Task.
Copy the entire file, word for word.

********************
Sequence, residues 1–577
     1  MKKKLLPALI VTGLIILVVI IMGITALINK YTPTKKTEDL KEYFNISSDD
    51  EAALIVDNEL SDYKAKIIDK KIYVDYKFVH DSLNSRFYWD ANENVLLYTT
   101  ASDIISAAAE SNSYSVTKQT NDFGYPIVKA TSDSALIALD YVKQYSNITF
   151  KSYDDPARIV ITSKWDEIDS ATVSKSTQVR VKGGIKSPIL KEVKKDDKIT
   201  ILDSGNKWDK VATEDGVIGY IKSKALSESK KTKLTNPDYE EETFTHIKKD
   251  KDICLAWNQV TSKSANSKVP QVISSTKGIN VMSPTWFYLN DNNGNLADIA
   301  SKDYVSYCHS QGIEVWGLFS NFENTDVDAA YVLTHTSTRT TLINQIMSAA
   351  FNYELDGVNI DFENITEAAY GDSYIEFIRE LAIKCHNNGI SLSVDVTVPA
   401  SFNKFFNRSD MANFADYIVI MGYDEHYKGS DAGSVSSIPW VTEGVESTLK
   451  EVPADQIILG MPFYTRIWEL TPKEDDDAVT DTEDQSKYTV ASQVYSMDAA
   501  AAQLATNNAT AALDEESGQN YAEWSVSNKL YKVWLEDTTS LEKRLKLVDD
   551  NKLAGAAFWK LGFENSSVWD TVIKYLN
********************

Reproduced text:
Sequence, residues 1–577
     1  MKKKLLPALI VTGLIILVVI IMGITALINK YTPTKKTEDL KEYFNISSDD
    51  EAALIVDNEL SDYKAKIIDK KIYVDYKFVH DSLNSRFYWD ANENVLLYTT
   101  ASDIISAAAE SNSYSVTKQT NDFGYPIVKA TSDSALIALD YVKQYSNITF
   151  KSYDDPARIV ITSKWDEIDS ATVSKSTQVR VKGGIKSPIL KEVKKDDKIT
   201  ILDSGNKWDK VATEDGVIGY IKSKALSESK KTKLTNPDYE EETFTHIKKD
   251  KDICLAWNQV TSKSANSKVP QVISSTKGIN VMSPTWFYLN DNNGNLADIA
   301  SKDYVSYCHS QGIEVWGLFS NFENTDVDAA YVLTHTSTRT TLINQIMSAA
   351  FNYELDGVNI DFENITEAAY GDSYIEFIRE LAIKCHNNGI SLSVDVTVPA
   401  SFNKFFNRSD MANFADYIVI MGYDEHYKGS DAGSVSSIPW VTEGVESTLK
   451  EVPADQIILG MPFYTRIWEL TPKEDDDAVT DTEDQSKYTV ASQVYSMDAA
   501  AAQLATNNAT AALDEESGQN YAEWSVSNKL YKVWLEDTTS LEKRLKLVDD
   551  NKLAGAAFWK LGFENSSVWD TVIKYLN